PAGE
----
Living from Sunday

Dear Friends,

In March of 1933, during his first inaugural address, President Franklin D. Roosevelt famously said to a nation that had been battered by more than four years of economic depression and social unrest, “[L]et me assert my firm belief that the only thing we have to fear is fear itself--nameless, unreasoning, unjustified terror which paralyzes needed efforts to convert retreat into advance.”  His words were a defiant expression of optimism at a time when the whole world the US to recover from the Great Depression and for Americans to regain confidence.

Ninety years later, we find ourselves, once again, experiencing much fear in our country and in our world.  There is the fear that comes with economic and social uncertainty, as well as the fear that comes from seeing news reports of violence in the Holy Land, Ukraine, and in many places near to us.  There is the fear of political polarization, as well as the fear of isolation.  I couldn’t help but remember FDR’s famous words as I thought about the current situation in which we find ourselves, and as I reflected on the Scripture readings that we hear at Mass this Sunday.

The readings help us, as believers, to ponder what the proper place of fear is in our lives.  Consider what Mahri Leonard-Fleckman, a professor of Hebrew Bible, says about these readings in her commentary Ponder: Contemplative Bible Study for Year A:

“Fear” (Hebrew yārēʾ) runs through our readings, but with very different meanings. In the ancient world, fear of God means awe and reverence. Reverence motivates the woman in Proverbs to live selflessly and resourcefully. Our psalmist similarly describes the blessings that come from “fear” or a life of reverence. Reverence may also underlie the active attention and alertness described in 1 Thessalonians. Yet the “fear” that motivates the third servant in the Gospel is totally different. His is not reverence and awe but a paralyzing, preservationist fear (that ultimately leads him to be thrown “into the darkness”!). Our readings call us to examine the motivations that underpin our actions. To what extent are they rooted in self-preservation that paralyzes us versus reverence that opens us to live meaningful lives? (p. 317)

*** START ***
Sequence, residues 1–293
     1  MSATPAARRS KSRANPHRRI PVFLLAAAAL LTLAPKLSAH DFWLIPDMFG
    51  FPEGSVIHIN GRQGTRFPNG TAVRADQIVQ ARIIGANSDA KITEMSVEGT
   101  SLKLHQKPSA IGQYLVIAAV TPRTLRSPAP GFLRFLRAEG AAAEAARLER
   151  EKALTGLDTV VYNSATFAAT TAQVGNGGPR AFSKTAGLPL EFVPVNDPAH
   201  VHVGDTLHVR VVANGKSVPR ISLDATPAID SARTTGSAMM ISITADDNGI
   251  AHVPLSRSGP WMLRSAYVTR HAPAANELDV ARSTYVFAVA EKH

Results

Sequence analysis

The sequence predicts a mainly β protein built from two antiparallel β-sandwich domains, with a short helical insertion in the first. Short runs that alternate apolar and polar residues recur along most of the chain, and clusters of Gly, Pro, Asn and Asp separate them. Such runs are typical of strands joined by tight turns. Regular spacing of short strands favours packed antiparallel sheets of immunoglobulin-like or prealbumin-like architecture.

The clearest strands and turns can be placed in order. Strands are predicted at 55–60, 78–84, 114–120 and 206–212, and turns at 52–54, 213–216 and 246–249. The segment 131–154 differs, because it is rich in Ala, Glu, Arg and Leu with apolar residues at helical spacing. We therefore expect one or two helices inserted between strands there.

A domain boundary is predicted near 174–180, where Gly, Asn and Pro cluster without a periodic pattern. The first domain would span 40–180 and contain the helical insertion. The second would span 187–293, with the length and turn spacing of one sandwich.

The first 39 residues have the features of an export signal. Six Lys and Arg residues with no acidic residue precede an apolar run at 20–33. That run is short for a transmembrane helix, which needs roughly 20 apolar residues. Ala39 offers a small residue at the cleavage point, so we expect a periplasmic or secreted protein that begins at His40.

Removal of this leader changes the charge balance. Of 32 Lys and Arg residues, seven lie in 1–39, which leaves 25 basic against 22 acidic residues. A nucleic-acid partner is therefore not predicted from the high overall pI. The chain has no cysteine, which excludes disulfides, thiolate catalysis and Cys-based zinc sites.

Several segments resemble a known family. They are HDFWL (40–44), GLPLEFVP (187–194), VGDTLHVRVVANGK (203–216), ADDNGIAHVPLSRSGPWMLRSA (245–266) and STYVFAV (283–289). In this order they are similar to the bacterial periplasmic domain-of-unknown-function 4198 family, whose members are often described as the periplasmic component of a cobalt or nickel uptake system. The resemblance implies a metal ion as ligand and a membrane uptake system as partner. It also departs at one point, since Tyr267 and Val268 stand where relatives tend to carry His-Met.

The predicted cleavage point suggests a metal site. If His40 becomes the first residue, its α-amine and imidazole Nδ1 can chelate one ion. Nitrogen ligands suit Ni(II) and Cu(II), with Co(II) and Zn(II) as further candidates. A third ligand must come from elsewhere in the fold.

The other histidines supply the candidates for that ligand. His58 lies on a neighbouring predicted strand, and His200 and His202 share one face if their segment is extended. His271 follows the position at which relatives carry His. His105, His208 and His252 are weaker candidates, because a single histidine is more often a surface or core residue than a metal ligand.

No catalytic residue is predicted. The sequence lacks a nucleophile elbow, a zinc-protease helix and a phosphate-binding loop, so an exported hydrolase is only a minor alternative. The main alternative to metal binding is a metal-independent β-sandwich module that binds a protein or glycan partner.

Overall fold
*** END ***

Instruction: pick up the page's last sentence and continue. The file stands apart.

When we hear Proverbs praise someone for fearing the Lord, or we sing in the responsorial psalm, “Blessed are those who fear the Lord,” we can easily think that the Word of God is telling us we should be overcome with the kind of “unreasoning, unjustified terror” which FDR said threatened to paralyze the US during the Great Depression.  But nothing could be farther from the truth!

As Leonard-Fleckman indicates, fear of the Lord is about recognizing, with awe and reverence, the greatness of the God who freely and lovingly entrusts himself to us.  In fact, this God is so powerful, yet unthreatening, that he gives himself to us under the appearance of bread and wine so that, Sunday after Sunday, he can sustain and strengthen us with his life and love.  God gives himself to us in this way so that we can then fearlessly, generously, and selflessly dedicate ourselves to reverencing/serving him by reverencing/serving everyone we encounter in the coming week. 


Father Leo

I want to make you aware of a small change to our liturgical practice at Mass that Bishop McClory has asked all the parishes of the Diocese of Gary to make starting next weekend. 

It has been the practice in our diocese for the last 20 years, which we have observed at St. Maria Goretti, to remain standing from the praying of the Our Father through the reception of Holy Communion.  This is a practice that bishops are allowed to permit in their dioceses.

Bishops are also allowed to ask that people stand from the Our Father through the Lamb of God, then kneel for the invitation to Communion (Behold the Lamb of God…Lord, I am not worthy…) and stand again for the Communion procession.  Bishop McClory is now asking that we observe this alternative practice at Mass, starting the evening of November 25. 

I very much appreciate your cooperation with this change in practice, so that we can express with our bodily posture our communion with the rest of Church of Gary.  If you have any questions, please feel free to contact me. 


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